WEDNESDAY, May 19, 2021 (HealthDay News) -- When someone comes in for a new heart stent, it's critical that the medical team doing the procedure knows several key facts about previous stents the patient has had.
But fewer than half of patients receiving a stent were still carrying the stent card that has those details with them, a new study finds.
Most of them — about 88% — do carry their phones, according to study author Dr. Jordan Safirstein, who suggests keeping stent info on smartphones.
"Stent design has advanced significantly since the mid-1990s, with the evolution of new polymers and advanced drug-eluting stents," said Safirstein, director of transradial catheterization for Morristown Medical Center, part of Atlantic Health System, in New Jersey.
"Since that time, email, the internet and smartphone technologies have been developed. Despite these major technological changes, what we provide to patients hasn't changed at all — a card containing all of their stent implantation details. When someone comes in for a new PCI procedure it is critical that we know the date of their earlier procedure, vessel location, size and type of stent [bare metal versus drug-eluting]. These are all critical factors in our decision making about new stenting," Safirstein explained in a medical center news release.
The study was presented Saturday during the American College of Cardiology's virtual annual meeting. Such research is considered preliminary until published in a peer-reviewed journal.
The research team surveyed 313 patients having a stent, also called a percutaneous coronary intervention (PCI), who already had one or more stents, between April 2019 and March 2020. The survey assessed whether they had their stent card. It also asked whether they had knowledge of stent information including the date, type and vessel, and whether they were currently carrying a mobile device. Patients could use their stent card, if they had it, to complete the survey.
Patients completed the surveys in the emergency room, cardiologist's office, catheterization lab and inpatient cardiac unit, the study authors noted.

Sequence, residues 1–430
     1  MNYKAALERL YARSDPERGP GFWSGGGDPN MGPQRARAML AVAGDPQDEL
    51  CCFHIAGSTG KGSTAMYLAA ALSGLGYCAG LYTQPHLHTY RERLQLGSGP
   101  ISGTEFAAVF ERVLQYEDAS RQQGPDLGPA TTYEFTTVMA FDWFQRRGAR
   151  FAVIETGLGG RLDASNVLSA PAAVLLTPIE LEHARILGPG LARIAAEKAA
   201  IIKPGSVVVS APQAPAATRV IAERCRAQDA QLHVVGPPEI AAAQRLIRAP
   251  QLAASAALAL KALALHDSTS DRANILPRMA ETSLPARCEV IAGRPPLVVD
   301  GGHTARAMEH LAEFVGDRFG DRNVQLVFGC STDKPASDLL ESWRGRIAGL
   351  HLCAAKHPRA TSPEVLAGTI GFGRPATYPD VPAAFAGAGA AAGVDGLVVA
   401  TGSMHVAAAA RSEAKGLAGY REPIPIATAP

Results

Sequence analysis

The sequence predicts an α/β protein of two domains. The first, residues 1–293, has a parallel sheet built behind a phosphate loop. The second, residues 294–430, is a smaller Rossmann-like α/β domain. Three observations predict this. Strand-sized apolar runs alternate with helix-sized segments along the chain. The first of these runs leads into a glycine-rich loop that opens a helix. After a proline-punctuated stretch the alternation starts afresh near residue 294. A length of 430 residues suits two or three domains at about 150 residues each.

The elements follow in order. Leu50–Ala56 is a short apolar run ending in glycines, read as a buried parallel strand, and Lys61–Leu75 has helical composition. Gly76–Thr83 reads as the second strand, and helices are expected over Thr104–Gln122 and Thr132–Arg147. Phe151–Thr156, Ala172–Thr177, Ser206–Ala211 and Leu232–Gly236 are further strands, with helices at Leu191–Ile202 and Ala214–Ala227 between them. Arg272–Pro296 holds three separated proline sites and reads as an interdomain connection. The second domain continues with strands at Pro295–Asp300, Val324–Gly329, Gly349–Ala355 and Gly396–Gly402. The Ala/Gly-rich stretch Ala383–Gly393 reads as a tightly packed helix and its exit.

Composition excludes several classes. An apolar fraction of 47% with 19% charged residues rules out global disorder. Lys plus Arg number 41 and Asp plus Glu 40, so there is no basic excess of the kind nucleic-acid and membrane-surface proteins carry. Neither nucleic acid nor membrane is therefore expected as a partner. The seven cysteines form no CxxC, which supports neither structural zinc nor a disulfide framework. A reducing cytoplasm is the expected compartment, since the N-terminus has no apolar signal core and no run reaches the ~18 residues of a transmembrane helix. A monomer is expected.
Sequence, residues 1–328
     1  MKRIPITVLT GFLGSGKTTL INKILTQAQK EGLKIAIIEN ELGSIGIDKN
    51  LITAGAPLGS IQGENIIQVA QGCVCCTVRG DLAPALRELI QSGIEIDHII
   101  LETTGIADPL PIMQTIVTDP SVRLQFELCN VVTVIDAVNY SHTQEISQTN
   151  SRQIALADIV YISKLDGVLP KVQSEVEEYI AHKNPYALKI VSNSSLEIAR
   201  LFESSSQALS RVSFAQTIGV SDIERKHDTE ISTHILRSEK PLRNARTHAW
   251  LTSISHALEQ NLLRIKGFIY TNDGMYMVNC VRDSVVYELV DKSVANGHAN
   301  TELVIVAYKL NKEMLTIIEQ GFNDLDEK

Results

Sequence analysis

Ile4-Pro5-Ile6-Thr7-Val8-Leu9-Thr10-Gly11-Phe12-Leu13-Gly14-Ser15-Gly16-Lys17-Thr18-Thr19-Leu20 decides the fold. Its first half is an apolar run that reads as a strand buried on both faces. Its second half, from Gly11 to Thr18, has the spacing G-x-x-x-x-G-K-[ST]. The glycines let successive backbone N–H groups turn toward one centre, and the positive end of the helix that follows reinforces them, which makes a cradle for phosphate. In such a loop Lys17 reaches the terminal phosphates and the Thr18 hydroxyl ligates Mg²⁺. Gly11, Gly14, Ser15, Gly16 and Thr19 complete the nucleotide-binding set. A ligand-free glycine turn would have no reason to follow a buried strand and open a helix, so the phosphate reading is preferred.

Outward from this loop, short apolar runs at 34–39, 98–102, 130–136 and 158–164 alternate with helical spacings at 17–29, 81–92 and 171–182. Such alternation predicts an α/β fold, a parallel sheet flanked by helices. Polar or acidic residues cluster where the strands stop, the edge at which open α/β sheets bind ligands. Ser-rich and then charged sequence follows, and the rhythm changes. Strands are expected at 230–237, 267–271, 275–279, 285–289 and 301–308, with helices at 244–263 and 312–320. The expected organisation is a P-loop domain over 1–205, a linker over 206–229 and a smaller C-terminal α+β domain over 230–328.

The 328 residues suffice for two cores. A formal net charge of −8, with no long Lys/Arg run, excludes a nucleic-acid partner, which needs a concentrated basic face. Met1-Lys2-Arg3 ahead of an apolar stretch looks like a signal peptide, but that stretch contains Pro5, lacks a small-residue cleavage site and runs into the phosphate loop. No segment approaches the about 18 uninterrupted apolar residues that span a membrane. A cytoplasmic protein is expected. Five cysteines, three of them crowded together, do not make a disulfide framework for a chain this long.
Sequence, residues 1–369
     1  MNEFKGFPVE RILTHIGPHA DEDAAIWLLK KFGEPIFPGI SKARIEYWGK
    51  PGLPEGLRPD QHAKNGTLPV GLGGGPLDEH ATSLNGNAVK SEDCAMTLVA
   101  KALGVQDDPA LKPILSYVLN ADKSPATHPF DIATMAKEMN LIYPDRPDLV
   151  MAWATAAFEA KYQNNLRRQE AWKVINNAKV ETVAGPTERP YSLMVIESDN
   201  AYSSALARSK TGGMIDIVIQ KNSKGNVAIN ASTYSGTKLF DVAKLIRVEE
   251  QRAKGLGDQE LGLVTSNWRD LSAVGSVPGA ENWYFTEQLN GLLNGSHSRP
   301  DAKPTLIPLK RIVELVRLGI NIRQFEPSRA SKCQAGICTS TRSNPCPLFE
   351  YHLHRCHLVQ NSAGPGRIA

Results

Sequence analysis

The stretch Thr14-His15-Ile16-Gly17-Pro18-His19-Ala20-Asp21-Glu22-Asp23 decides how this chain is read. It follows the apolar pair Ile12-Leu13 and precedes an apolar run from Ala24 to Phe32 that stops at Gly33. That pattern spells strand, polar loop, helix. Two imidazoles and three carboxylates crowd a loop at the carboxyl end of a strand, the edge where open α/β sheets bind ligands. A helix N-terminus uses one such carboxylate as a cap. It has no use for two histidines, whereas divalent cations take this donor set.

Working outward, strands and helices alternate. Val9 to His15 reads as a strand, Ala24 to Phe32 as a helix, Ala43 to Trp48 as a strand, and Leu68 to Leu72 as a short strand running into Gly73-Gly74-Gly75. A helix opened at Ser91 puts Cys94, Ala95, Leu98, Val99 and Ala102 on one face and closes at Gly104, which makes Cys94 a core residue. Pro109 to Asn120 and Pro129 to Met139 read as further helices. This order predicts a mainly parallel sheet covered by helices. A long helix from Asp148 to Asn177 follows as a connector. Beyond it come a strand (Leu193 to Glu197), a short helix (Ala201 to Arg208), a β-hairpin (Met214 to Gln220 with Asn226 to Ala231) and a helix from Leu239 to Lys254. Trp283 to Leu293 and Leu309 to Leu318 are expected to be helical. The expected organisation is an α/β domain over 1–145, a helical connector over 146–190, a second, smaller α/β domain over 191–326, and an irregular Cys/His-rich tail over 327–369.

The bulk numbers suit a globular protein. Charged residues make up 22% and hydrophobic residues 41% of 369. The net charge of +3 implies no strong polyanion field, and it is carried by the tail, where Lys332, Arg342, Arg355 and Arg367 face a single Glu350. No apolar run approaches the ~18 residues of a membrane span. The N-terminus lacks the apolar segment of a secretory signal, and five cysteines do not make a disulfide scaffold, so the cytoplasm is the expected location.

Even with the stent card, only about 11% were able to correctly identify date, vessel and type of stent. Presence of the stent card increased the likelihood by 2.5 times that patients could identify the vessel stented.
The older the patient was and/or the longer it had been since their previous PCI, the less likely they were to recall correct information on their stent.
While 88% of patients had their cellphone with them, 74.5% responded that they would be willing to use it to store medical information.
Research to date regarding health-related smartphone applications has focused more on an individual's behavioral health changes and less on the retention of medical device information, the authors said. A smartphone application that retains medical device information may have clinical significance in the rapid and reliable information exchange between a patient and their health care provider, they said.
"The vast majority of patients would use their phone for stent device-related purposes. The only age group that was significantly less likely to do so was those over age 80," said Safirstein.
"We know that a Web-based mobile app facilitated by bar code/QR code scanning, which is HIPAA [Health Insurance Portability and Accountability Act]-compliant, is in development and we believe it to be necessary," he added. "Our study's results will engender growth of digital tools to provide patients with lasting and accurate information about their implantable devices."
Johns Hopkins Medicine has more information on stents.
SOURCE: Atlantic Health System, news release, May 12, 2021